Oh man! I could dedicate an entire blog to this topic following my experience with postnatal depression. Although it was 6 years ago for me and I didnt even realise I had it, I can still remember the depths of my darkness and guilt during this time. I went from the high of recently graduating, landing my first “real job” and having my 20’s all planned out to being single after the sudden ending of a 5 year relationship – with a baby bump!
Post Natal Depression is a prolonged depression, comprised of feelings of darkness, hopelessness and emotional imbalance. It is usually brought on by being overwhelmed, a lack of sleep, lack of assistance with your new baby, a traumatic pregnancy/ birth, financial stress, etc. Some physical symptoms include insomnia or constantly needing to sleep, nausea, headaches, restlessness, excessive increase or loss of appetite.
Once I had come to terms with my premature pregnancy, I was excited and loved the little being I hadn’t even met SO much. I had the perfect, dreamy vision that I would absolutely love every minute of motherhood. I can clearly remember walking out of the hospital and wondering to myself “where is this baby going?“, little did I know that that was the beginning of a roller-coaster ride. Long story short, my depression got so bad that I decided to cut my maternity leave short by a month and return to work. I didn’t understand what I was going through. It sounds crazy, but that is what rescued me – it gave me clarity and got me out of the vicious cycle of replaying a million negative thoughts all day. It allowed to me get the right perspective on things and talk to other moms at the office.
In the African community, you are expected to take it as it comes. The saying goes “umfazi uyabekezela” – which means a woman must be patient and strong. Sitting around at home, as a young single mom with no help during the day, having very little money and no one to release this heavy load on was weighing down heavily on me. I felt like no one deserved to share in my misery because I got myself in that situation – I thought that it was my responsibility to “fix” myself, so I didn’t reach out to anyone to help me. I didn’t even recognize my symptoms.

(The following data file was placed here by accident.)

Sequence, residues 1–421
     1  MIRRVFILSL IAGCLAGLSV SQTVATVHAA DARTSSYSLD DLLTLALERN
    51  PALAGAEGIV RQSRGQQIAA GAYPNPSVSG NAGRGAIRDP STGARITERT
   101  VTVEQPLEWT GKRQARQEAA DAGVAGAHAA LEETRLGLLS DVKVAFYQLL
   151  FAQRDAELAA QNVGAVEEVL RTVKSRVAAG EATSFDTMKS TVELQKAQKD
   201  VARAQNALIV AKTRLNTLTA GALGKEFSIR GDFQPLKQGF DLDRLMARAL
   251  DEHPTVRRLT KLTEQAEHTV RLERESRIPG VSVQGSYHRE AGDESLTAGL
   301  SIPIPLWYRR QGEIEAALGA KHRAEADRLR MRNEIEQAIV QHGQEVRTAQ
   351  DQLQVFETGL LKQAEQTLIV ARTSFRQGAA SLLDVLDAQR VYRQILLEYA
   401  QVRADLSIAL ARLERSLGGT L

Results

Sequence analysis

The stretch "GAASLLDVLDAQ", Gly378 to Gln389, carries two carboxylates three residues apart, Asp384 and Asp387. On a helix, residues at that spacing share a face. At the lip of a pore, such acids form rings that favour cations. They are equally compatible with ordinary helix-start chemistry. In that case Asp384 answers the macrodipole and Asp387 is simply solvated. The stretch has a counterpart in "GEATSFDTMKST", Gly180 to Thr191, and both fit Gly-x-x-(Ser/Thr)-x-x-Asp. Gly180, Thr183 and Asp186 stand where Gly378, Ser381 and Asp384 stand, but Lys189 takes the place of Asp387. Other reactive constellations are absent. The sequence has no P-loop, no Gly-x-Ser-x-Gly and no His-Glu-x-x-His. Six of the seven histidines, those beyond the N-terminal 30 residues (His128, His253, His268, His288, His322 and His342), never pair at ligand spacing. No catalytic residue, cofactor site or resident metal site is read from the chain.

Going back to work was what worked for me – it gave me some time away from baby to gather myself and generate more positive feelings about being a mother. I felt guilty about this decision, and I sometimes still do (I could have spent more time with my baby), but I needed to save myself for my sons sake. I thought that was the best thing I could have done for us at the time – I got my healing and I started enjoying all aspects of being a mother. I stopped feeling so isolated and I could be more present; I could love and miss him; I could provide for him; I could be the mother that my son needed. However, I realise now, that I could have explored some less-extreme options and dealt with it directly, through professional assistance.
Here are some ways you can get help:
- Talk to someone – your mother, your partner, your sibling, a friend, your Gynae. Don’t suffer with feelings of depression and anxiety alone. Get professional help as soon as possible so you can work through your feelings and set goals.
- Understand that it is a process that you wont just “snap out of”. Give yourself time and love.
- Manage your stress: spend some time doing the things that you enjoy – get a massage, go for a walk, a yoga class, sit in the garden or write in a journal. Set aside some time daily to do something for yourself.
- Eat healthy and get some exercises: eat food that gives you energy and promotes your health and well-being. Keep taking your prenatal vitamins. Inadequate minerals and vitamins can contribute to the depression.
- Contact the Post Natal Depression Support Association of South Africa for help and information on various support groups.
You do not have to suffer with the guilt and shame alone. 1 in 7 women experience Post Natal Depression and there is help available. You WILL heal.
Did you have Post Natal Depression? How did you deal with it?
Modern Zulu Mom